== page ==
In this update, we review several recent decisions which impact businesses operating within the Property Guardian Sector.
Failure to cooperate with the Council
Pedro Reis Tenajas and his property agency London Corporate Relocation Ltd have been prosecuted for:
— Failing to licence a house in multiple occupation
— Failing to provide information to the occupiers
— Failing to carry out the required safety measures
The Court also noted that the defendants failed to cooperate with Merton Council during their investigation; were obstructive and had not filed company accounts prior to the hearing. In fact, neither defendant attended Court!
The company was ordered to pay £21,750 and Mr Tenajas was fined £11,530. Both must pay these sums within 21 days.
Prosecutions of landlords for failing to obtain HMO licences are becoming more common. We have previously commented on how other councils have taken action in March 2021 and November 2020. We anticipate even more companies will be affected as large swathes of London and urban centred councils bring in selective licensing to help deal with problems associated with the private rented sector such a waste, nuisance, and anti-social behaviour.
Lesson learnt – When considering whether to take on a new property, Property Guardianship Provider (PGP) companies should identify whether selective licensing is being operated by their local council and how that will impact their proposal including their business model and pricing.
Dampness and mould
The Housing Ombudsman Service (HOS) published its spotlight report in October on damp and mould confirming that it’s not a lifestyle choice. It confirmed that a high proportion of complaints about dampness are upheld by HOS. It recommends that property owners adopt a zero-tolerance approach to this issue; have a comprehensive policy to manage, mitigate and respond to these complaints; and should investigate their system to find ‘their silence’ i.e. those complaints where nothing has been done but the occupier has gone quiet. Blaming the occupiers for condensation and mould is unhelpful, and owners should improve their complaints handling processes.
Property guardians can use the HOS to resolve property defect complaints if their PGP company is a member of the HOS scheme.
Lesson learnt – We frequently find that dampness and mould are specified in rent repayment order applications.
Landlord Successful in challenging financial penalty imposed
Aftab Raja was successful in challenging Salford Council in the Upper Tribunal (Lands Chamber) for imposing a financial penalty without assessing his financial means. Mr Raja operated an unlicensed rented property in an area where selective licensing was imposed. Salford imposed a £22,500 penalty for failure to obtain a licence. The UT had no information as to how the penalty had been calculated and so it has remitted the case back to the First Tier Tribunal (FTT) for the appropriate penalty to be determined at a re-hearing.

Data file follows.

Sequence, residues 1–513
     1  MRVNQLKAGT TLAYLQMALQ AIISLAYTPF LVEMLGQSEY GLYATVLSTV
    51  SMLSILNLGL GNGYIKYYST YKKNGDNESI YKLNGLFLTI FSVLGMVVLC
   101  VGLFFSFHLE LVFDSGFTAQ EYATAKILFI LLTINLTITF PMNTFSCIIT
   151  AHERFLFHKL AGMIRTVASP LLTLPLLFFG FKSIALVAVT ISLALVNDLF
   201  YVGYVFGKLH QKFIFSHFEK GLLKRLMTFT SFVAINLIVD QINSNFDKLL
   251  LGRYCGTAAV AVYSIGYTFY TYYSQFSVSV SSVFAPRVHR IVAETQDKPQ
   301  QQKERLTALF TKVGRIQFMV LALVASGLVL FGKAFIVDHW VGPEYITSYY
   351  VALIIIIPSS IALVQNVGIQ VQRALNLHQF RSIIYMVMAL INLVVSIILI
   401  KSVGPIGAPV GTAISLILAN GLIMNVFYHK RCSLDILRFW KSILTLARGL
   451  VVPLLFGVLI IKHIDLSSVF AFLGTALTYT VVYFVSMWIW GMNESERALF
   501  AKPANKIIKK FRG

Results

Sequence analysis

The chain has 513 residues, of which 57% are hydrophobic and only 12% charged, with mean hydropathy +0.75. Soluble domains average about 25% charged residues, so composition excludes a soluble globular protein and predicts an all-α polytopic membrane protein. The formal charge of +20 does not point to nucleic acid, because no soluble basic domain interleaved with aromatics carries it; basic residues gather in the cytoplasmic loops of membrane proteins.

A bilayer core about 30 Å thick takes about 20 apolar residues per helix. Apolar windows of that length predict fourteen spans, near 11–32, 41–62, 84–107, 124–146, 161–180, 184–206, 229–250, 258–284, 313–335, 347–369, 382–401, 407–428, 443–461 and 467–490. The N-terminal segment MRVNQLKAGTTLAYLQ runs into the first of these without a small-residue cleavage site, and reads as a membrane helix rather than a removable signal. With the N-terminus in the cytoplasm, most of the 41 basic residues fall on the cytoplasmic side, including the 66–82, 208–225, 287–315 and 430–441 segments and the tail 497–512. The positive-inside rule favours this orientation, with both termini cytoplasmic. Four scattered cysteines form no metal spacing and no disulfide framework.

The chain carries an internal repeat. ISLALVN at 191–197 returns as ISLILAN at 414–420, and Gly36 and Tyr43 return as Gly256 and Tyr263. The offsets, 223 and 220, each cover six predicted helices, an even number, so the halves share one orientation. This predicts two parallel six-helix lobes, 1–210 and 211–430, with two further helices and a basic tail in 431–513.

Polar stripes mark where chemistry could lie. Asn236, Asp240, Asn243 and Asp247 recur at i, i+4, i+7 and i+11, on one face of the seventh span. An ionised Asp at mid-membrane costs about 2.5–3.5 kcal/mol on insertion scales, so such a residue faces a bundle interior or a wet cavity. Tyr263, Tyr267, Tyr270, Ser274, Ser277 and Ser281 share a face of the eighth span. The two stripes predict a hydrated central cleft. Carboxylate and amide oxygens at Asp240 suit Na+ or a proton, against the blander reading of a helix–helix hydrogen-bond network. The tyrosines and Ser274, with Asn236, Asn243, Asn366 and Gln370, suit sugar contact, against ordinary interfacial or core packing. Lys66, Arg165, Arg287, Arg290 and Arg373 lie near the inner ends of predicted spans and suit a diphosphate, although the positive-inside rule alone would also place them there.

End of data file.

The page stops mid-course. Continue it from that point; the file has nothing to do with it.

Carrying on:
Lesson learnt – Rather than prosecute PGP companies for Housing Act breaches, many councils are choosing to use the civil sanctions route and impose financial penalties. The Council should provide details of factors used in the calculation of the penalty and should ask questions about the company’s financial standing. Relying on statutory accounts may not provide accurate information about a business’s current finances.
Ealing Council has been successful in obtaining confiscation orders against landlords for planning and HMO licensing contraventions. Mr and Mrs Khosa were ordered to pay £253,449 by 3 December, with an order to serve 30 months in prison (for him) and 15 months in prison (for her) if they failed to pay. They were each fined £6,000 and ordered to pay over £25,000 in costs.
The Khosas had been served with a planning enforcement notice requiring them to cease using an outbuilding as residential accommodation by tenants. Whilst the main house was being used as a large HMO and required improvements.
Lesson learnt – PGP companies should be aware that councils can and will seek a confiscation order to recover the proceeds of crime which would include income generated by unlawful means.
Rogue landlords’ database
We have previously written about the nationwide database used to record rogue landlords. The case of the landlord Mr Gibbons from Preston is interesting. His property was brought to the attention of the EHOs by a student occupier who complained about the structural conditions of the HMO. On inspection, they found an unlicensed HMO, a property needing repairs, and identified that Mr Gibbons owned other unlicensed HMOs within Preston.
Mr Gibbons failed to carry out the repair works and so the council imposed a financial penalty of £12,375 per offence. Mr Gibbons appealed to the First Tier Tribunal (FTT), where the tribunal upheld the fines. The Council also decided that he was not fit to hold an HMO licence. Again, Mr Gibbons appealed and lost. He was then advised that his name would be added to the rogue landlords’ database. He appealed but subsequently abandoned his application. His tenants, 13 of them, brought claims for rent repayment orders and he has been ordered to pay them £46,908.
Lesson learnt – PGP companies need a protocol for onboarding new properties so that the implications of HMO and other licensing is considered before taking on the property.